Plus Kittle’s return, a superb showing in the secondary, and why it’s easy to play quarterback in this offense.
On Saturday, we saw what this 49ers team, a team that’s been decimated with injuries on both sides of the ball, is talented enough to beat a playoff team if they don’t turn the ball over. C.J. Beathard was efficient, Jeff Wilson Jr. was effective, and George Kittle did enough through the air while the defense continued to be excellent. Here are four takeaways from the 49ers’ win over the Cardinals.
Playing quarterback is that easy in this offense
All season, fans have been frustrated with Nick Mullens, and for a good reason. From sacks to missing throws, to turning the ball over, Mullens did everything he could to hold the 49ers back. As a backup, an undrafted one at that, the expectations were too high for Mullens. That’s because of the weapons and play-caller.
What we saw Saturday was C.J. Beathard playing within himself. Should Beathard have had an interception? Sure. There are plenty of “almost” interceptions every week around the NFL from starters, and we’ve seen that first-hand from Mullens and Jimmy Garoppolo. “Almost” turnovers turn into points for the offense, just like “almost” sacks and pressures turn into first downs.
Per RBSDM, Beathard had a higher EPA/play, quarterback rating, and success rate than Kyler Murray. Beathard running for a first down on one play was a pleasant surprise and a nice changeup. While C.J.’s touchdowns were all “gimmes,” they’re still touchdowns, and he shouldn’t be downgraded for them because we don’t do that for any other QB.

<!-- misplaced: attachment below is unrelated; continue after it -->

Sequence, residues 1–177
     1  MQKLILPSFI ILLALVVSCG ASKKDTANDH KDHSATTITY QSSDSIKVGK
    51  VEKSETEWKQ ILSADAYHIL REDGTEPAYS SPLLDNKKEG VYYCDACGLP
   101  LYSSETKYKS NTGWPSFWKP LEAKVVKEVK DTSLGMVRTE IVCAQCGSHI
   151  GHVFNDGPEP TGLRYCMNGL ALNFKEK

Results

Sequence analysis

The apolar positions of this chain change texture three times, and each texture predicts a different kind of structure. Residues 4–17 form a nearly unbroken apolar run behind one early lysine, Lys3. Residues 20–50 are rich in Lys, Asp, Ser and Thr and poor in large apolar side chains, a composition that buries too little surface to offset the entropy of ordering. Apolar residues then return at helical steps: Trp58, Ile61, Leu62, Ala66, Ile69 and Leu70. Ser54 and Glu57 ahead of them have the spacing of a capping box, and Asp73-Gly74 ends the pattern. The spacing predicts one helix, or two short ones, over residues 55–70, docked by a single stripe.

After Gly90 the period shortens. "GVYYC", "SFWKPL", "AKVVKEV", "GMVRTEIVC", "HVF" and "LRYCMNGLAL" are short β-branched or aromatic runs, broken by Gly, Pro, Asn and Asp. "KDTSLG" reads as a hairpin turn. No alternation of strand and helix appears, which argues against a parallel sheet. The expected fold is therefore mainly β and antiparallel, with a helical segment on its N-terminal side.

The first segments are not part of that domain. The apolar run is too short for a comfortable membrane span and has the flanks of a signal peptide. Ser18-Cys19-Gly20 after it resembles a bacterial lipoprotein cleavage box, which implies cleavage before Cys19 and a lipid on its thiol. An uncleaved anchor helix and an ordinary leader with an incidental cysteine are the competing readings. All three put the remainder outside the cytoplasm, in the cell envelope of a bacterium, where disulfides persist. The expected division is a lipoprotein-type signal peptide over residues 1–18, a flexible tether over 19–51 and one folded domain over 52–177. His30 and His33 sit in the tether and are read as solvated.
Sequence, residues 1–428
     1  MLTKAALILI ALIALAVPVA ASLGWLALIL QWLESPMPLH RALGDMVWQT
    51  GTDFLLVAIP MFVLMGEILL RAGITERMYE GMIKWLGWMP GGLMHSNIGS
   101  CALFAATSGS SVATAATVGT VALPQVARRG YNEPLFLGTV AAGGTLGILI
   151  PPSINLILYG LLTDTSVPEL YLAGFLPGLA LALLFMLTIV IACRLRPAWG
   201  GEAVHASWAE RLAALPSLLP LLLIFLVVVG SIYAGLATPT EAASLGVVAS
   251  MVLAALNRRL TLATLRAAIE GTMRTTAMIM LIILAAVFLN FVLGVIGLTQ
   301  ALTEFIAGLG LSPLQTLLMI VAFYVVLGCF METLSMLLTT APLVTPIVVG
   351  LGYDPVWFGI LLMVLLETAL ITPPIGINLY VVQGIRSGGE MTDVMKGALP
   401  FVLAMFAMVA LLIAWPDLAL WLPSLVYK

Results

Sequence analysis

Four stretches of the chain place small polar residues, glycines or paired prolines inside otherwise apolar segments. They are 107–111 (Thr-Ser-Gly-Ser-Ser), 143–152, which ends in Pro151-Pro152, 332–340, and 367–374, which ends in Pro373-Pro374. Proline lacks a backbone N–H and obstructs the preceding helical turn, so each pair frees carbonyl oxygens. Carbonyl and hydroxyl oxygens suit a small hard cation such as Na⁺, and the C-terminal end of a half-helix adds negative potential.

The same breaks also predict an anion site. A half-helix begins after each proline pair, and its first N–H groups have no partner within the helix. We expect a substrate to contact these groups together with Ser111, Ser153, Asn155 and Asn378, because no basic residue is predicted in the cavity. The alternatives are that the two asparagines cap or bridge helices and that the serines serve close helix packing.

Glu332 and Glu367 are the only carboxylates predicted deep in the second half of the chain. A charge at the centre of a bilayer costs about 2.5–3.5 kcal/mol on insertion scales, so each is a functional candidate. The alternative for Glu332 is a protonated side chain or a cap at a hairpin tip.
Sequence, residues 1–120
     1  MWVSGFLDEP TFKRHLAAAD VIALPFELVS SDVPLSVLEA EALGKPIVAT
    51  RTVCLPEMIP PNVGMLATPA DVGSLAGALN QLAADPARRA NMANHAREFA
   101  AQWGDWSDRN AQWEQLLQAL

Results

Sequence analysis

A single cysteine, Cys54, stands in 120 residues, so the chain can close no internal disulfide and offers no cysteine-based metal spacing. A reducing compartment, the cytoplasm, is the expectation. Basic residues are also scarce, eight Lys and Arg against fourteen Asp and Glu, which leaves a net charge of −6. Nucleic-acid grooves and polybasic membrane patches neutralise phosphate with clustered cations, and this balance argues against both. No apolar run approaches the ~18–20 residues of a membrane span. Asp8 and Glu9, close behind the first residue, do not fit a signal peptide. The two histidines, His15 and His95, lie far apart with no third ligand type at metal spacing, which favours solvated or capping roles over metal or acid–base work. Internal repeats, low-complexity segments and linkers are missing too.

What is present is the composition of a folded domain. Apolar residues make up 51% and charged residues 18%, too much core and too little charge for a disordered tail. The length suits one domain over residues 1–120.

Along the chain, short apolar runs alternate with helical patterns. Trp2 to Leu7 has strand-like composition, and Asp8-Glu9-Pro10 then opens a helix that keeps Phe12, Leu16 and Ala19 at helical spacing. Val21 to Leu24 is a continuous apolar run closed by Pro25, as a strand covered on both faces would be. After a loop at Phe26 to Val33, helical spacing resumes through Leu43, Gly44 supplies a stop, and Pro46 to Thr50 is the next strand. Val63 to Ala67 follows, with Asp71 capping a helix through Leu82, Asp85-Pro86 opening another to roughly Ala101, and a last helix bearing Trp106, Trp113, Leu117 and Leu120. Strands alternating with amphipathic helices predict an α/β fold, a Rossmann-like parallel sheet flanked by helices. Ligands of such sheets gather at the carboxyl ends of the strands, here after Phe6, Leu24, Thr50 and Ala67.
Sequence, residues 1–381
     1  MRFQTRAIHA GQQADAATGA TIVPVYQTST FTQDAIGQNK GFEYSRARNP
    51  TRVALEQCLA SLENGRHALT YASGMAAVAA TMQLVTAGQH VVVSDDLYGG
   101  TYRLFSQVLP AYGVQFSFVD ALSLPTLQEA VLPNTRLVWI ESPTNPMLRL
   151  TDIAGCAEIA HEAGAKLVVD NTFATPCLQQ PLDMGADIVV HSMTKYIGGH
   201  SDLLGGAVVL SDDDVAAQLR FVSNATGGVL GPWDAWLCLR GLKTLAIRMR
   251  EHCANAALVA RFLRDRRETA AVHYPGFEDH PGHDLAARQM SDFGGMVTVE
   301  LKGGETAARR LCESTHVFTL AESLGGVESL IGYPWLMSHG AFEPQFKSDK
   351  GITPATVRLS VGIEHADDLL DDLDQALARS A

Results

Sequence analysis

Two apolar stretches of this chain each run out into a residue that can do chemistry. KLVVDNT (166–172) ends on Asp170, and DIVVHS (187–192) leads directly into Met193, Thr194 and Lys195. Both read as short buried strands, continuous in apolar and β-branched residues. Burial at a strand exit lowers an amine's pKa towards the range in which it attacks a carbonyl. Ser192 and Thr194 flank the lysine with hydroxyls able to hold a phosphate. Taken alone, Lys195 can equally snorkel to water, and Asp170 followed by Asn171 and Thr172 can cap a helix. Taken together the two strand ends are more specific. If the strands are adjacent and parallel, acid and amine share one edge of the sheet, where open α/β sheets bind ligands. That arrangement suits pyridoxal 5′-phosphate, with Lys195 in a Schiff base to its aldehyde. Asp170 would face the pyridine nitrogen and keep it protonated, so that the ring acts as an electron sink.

Don’t turn the ball over. Make a handful of plays with your arm or legs, make the throws you’re supposed to, and win. In a Kyle Shanahan-led offense, receivers are running open all game. There was a play where Brandon Aiyuk likely could have had a touchdown in this game on a play where Beathard threw it to Kittle. That’s me, nitpicking and wanting more. Beathard did enough, and for a third-string QB, that’s all you can ask for.
Let’s take a moment to appreciate Robert Saleh. It’s Week 16. You’re well aware of the 72 injuries on defense. Despite fielding backups at each level, the 49ers entered Week 16 tied for the fewest missed tackles in the NFL. Pro Football Reference has San Francisco averaging just over two missed tackles a game. Against the Cardinals, a team that likes to get you in space and force you to make open-field tackles, the 49ers defense missed five, and a couple of those came on one scramble from Kyler Murray.
Prepared. That’s the best way I could describe Saleh. He always has this defense ready to play. If you hadn’t watched the 49ers, you wouldn’t think they were down multiple starters. Sound tackling, minimal coverage busts, and base level execution are why the Niners defense has remained a top unit in 2020.
Saleh has a “Seattle coordinator” wrap, but that’s not fair to him as Saleh has evolved beyond being a “Cover-3 coordinator.” When I say base level execution, Azeez Al-Shaair is jumping into throwing lanes to take away Murray’s first read. Tarvarius Moore aggressively fits the run in the correct spot. At the same time, defensive lineman Alex Barrett, who has been re-signed and released numerous times this season, held his own on Saturday. That’s thanks to being prepared, and it starts from the top down.